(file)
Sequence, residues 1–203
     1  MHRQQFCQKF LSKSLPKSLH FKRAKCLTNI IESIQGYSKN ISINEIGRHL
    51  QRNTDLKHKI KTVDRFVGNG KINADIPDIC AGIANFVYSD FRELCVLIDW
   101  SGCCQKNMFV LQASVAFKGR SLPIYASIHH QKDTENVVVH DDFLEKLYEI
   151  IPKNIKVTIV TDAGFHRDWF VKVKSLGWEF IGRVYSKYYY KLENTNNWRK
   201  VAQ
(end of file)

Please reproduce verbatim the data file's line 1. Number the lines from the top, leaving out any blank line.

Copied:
Sequence, residues 1–203